Monday, December 16, 2013

Review: Seraphina by Rachel Hartman

Seraphina by Rachel Hartman
Rating: 3.5 stars
Source: Library
Buy the Book: Amazon
Summary: "Four decades of peace have done little to ease the mistrust between humans and dragons in the kingdom of Goredd. Folding themselves into human shape, dragons attend court as ambassadors, and lend their rational, mathematical minds to universities as scholars and teachers. As the treaty's anniversary draws near, however, tensions are high.

Seraphina Dombegh has reason to fear both sides. An unusually gifted musician, she joins the court just as a member of the royal family is murdered—in suspiciously draconian fashion. Seraphina is drawn into the investigation, partnering with the captain of the Queen's Guard, the dangerously perceptive Prince Lucian Kiggs. While they begin to uncover hints of a sinister plot to destroy the peace, Seraphina struggles to protect her own secret, the secret behind her musical gift, one so terrible that its discovery could mean her very life."

Review: On the cover of Seraphina there is a blurb by author Christopher Paolini praising this book.  It's not that unusual for a book to have a blurb of praise on its cover, but the fact that Christopher Paolini's name appeared right above the title, Seraphina, was perhaps not the smartest move on the cover designer's part.  You see, in Paolini's famous Inheritance series there is a dragon named Seraphina.  So when I saw Paolini's name here, my first thought, before ever opening the first page of this book, was: I bet Seraphina's a dragon.

I can't say too much about Seraphina's genetics without going all spoilery on you, but suffice it to say that my initial suspicion really took the punch out of a few early scenes.  Plus, I found Seraphina herself to be an incredibly frustrating character.  At one point, someone comes barging into Seraphina's room and assaults her.  What does Seraphina do in this situation?  Run?  Hide?  Call for help?  Defend herself?  Nope.  She apologizes.  For being assaulted.  That pretty much depicts Seraphina for the first half of the book.  Girl's got serious self esteem issues.  (Not to mention some other issues, such as her need to tend her mental garden filled with "grotesques" on a daily basis.)  But instead of hoping she would learn some confidence and self acceptance, I was primarily just annoyed with her.  Since the first couple hundred pages deal primarily with Seraphina's difficulty in coming to terms with herself, well, that was a long time to feel annoyed.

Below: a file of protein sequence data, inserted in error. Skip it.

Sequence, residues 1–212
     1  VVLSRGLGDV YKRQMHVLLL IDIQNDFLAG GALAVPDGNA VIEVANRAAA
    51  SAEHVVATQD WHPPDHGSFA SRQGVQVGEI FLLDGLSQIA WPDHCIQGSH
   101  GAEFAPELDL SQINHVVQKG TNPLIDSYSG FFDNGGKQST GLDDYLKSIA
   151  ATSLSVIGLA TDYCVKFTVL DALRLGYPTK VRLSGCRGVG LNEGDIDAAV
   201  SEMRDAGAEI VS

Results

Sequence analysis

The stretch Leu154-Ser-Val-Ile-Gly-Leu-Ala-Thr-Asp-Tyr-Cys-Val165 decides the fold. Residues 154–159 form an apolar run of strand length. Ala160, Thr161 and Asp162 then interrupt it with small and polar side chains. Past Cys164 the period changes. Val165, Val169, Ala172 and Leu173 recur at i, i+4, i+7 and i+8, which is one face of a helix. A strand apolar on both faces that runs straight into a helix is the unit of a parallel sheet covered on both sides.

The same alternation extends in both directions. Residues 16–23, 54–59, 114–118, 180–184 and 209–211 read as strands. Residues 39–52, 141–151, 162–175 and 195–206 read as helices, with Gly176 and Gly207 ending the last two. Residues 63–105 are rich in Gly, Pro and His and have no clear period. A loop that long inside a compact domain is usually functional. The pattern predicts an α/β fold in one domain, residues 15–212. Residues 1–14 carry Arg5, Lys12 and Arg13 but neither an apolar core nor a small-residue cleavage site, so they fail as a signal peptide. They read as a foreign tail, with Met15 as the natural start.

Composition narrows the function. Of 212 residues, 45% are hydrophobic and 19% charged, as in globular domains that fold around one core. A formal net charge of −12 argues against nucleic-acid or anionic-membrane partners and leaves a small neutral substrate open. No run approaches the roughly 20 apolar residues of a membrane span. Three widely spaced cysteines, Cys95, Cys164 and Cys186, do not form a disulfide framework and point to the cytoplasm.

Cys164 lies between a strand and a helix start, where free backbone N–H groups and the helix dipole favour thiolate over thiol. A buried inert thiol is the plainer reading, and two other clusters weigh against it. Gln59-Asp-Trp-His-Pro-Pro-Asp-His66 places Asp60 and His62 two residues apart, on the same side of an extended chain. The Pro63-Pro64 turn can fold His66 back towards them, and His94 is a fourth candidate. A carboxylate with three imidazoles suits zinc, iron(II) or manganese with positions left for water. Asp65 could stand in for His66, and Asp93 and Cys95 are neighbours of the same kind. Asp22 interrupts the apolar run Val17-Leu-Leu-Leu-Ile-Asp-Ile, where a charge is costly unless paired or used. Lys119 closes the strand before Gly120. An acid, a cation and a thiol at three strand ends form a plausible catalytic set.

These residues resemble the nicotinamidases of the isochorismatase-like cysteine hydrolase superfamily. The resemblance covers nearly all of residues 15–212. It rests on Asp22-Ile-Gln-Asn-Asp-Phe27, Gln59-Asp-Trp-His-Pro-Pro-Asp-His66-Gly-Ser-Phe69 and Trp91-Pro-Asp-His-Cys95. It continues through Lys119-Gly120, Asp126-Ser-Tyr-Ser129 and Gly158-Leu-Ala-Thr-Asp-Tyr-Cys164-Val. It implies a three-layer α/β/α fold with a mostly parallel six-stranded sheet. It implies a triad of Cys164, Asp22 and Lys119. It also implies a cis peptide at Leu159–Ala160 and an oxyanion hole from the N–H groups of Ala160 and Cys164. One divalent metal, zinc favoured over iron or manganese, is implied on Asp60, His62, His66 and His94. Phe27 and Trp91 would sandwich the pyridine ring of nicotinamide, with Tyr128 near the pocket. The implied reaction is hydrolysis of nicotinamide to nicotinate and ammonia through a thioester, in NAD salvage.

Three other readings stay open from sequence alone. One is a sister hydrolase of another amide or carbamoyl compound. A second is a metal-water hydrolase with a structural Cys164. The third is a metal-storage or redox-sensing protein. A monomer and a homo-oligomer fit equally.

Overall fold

The second half of the book really picks up.  There is a plot besides Seraphina lounging in self-pity, it turns out.  And once we dive into the plot, the book actually gets quite good.  I was still frequently frustrated with Seraphina.  She has a box of memories that could help uncover information to help solve her problems, but she ignores them for NO REASON WHATSOEVER.  (Can you tell that I was bugged?)  But my enjoyment of the plot and my questions about the auxiliary characters kept me going.  At its core, Seraphina is essentially a who-dun-it, with several characters as plausible bad guys.  I enjoyed the shroud of suspicion cast over the characters, and guessing at who was responsible for what events.  The final reveal was satisfying; not completely out of left field, but not obvious either.

This book is not perfect.  The first half of the book should be half as long as it is, but it's worth it to get to the second half.  I also was unaware that this book is the first in a series.  I had erroneously believed it to be a standalone.  I wish I had known that beforehand.  The idea of dragons that can fold themselves into human shape is a fantastic idea, but other than the extremely impressive ability to fold ones-giant-lizard-self into a human, the dragons didn't really do anything.  Also, besides the presence of dragons, this book doesn't have many other elements that one would associate with the fantasy genre.  It's more of a low fantasy book.  Not a bad thing, just FYI.  

Despite the elements that bugged, there were some things that I liked immensely.  The supporting cast was really fantastic.  The eccentric but lovable Orma, the inquisitive and sensitive Kiggs, the effervescent and jovial Glisselda, I could go on.  As much as I didn't care for Seraphina, I loved those around her.  The book addresses xenophobia head on, in all its ignorant glory.  There are some really wonderfully written action scenes.  The incorporation of religion was interesting and helped with the world building without being superfluous or distracting.  I loved reading about the different parts of town, the slums, the palace, and so on.  But my favorite parts were the side characters.

This book will probably be enjoyed by those who like fiction but aren't terribly interested in high fantasy, and to those who like reading about the medieval period.

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